The vertical spatial









-7 and


The optimum height is between


7 and 9 mm.


Increasing the "depth"


the electrode gave similar results to those obtained by pneumatic nebulization, as shown


Figures


3-5


and 3-6.


An optimum


height of


6-8


mm is


found


using thermal


vaporization.


The vertical height and electrode depth used in the experiments reported


in this chapter are


mm and 6 mm, respectively.


Parameters for the photodiode array


include an


integration


time of


also discussed


the results


section,


and an


accumulation of zero.


Data points for the signals are the average of three measurements.


Error


represent


one standard


deviation


(lcr),


based


three


measurements.


Background noise levels (N) are determined by measuring ten consecutive diodes at 2 nm


from


silicon


signal.


Using


nm line,


background


signal


background noise is measured at


= 290 nm.


Due to the transient nature of the Si signal,


the background and background noise are determined using the same spectrum that gives

the maximum Si signal.


general


procedure


for performing


the analysis by


TV CMP OES


is as


follows.


The sample,


10-30 tL,


is added to the sample cup.


Microwave power is


increased to the level where the ashing step is performed.


ashing is performed in one step.

electrode, initiating the plasma.


In our system, the drying and


An insulated wire is briefly touched to the side of the

The ashing time starts from the point where the plasma


is ignited.


Before the ashing step is over, data acquisition is started.


When the ashing


step is finished, the power is manually increased to the atomization power level.


After


data acquisition is over, the power is raised to


1200 W for


10 s, to clean the sample








The parameters


usually


employed


are as


follows:


ashing


time- 10


s, ashing


power- 135 W, atomization power-500 W, and sample size-20 pL.


are used unless otherwise noted.


These parameters


Investigations into the vertical profile, integration time,


ashing time, and ashing power are performed using a titanium cup.


A tungsten cup is


employed


while


studying


effects


atomization


power,


matrix


modifiers,


determination of the LOD.

integration time is 67 ms.


In examining the temporal nature of silicon emission,


Curves drawn to show the effect of atomization power on the


signal


are obtained


using


a computer


program


(Origin,


ver.2.8,


MicroCal


Software,


Inc. ,


Northampton,


MA).


points


the atomization


power


submitted to a polynomial fitting function.


Determination of the Si LOD is performed


using a sample size of 30 ,L, the maximum capacity of the cup.


effect


adding


tantalum


niobium


solutions


to the


graphite cup


investigated.


Impregnation


process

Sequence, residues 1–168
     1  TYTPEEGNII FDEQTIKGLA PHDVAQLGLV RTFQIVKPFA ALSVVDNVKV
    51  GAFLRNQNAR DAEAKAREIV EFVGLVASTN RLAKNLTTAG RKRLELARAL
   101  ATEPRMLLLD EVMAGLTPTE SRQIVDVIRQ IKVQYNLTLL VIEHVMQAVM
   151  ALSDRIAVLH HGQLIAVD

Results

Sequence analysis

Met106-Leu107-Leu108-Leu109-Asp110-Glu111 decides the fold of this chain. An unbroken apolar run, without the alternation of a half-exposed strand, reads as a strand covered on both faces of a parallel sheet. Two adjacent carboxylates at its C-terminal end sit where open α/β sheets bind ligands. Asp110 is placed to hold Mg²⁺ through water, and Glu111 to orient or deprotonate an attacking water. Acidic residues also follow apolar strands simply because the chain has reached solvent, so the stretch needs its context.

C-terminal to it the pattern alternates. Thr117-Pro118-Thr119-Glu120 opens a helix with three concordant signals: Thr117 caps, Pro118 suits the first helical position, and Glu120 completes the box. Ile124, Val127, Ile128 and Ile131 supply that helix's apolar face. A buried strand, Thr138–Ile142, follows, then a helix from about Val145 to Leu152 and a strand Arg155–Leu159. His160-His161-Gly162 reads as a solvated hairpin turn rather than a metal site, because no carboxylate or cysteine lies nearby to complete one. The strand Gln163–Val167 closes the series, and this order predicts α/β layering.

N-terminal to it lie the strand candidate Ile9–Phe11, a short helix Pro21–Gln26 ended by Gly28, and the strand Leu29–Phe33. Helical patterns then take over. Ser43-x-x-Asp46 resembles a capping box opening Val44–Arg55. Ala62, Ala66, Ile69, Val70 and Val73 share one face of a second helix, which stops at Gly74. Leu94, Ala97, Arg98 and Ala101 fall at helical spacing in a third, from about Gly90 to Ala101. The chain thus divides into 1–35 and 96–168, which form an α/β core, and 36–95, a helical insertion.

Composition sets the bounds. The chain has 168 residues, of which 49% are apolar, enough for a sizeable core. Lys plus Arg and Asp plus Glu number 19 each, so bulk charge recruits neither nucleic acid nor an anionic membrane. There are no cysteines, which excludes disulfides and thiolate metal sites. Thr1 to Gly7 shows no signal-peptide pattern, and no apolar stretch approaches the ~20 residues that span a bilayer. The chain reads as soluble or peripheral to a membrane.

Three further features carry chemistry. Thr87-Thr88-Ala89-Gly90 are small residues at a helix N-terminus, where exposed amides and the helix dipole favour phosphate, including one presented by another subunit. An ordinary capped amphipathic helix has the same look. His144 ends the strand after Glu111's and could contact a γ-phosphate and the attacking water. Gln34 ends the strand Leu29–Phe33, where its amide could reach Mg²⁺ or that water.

similar


to Miiller-Vogt


Wendl150


This involved pipetting solutions of 1000 pg mL1' of Ta or Nb into the cup,


followed by drying the solution in situ with the plasma.

cup and the analysis performed as previously described.


16 nm, except in the study involving matrix modifiers.


is employed during matrix


285.2


Silicon samples are added to the

Silicon emission is observed at


The Si line at 251.61 nm


modification studies due to interference caused by the Mg


nm line.


Matrix


modifiers


containing


trichloroethylene


are investigated.


Sensitivity is increased with the addition of modifiers.,s


In GFAAS, the elements Mg


employed.








carbide forming elements.' 15,15


In our research,


the modifier is added to the sample


cup, followed by an ashing step.


of 135 W for 15


The ashing step is performed by applying a power level


After a time of 10 s, no solution was visually observed in the cup.


Ashing times of longer than 20 s only removed the Mg modifier.


measuring the Mg 285.2 nm line.


This was observed by


Sample is then pipetted into the cup, followed by


another ashing step and finally, the atomization step.


A cleaning step is performed to


remove the matrix modifier residue. The cleaning step included the addition of 10%

HNO3, followed by igniting the plasma at 135 W. The power is then increased to 1200


for approximately


The cleaning


is performed


three


times,


in order to


remove the previous matrix modifier.

check the cleaning process. An aque'


Magnesium emission at 285.2 nm is observed to


ous solution containing 10,000 ug mL'1 Mg in


HNO3


is prepared


from


Mg(NO3),


*6H,O (Aldrich


Chemical


Co.,


Inc.).


Palladium


solution,


1000


mL-


HCL


was


obtained


from


Inorganic


Ventures,


Fisher Scientific supplied the trichloroethylene.


Results and Discussion


Integration


Time


optimum


integration


photodiode


array


detector


(PDA)


investigated.


Integration times are varied from 0.033


s to 0.33 s.


The integration time


is the time the PDA collects the signal for each scan.


Results for the signal and S/N are


presented in Fiure 4 1.


the integration time increases, the signal increases.


A J


Figure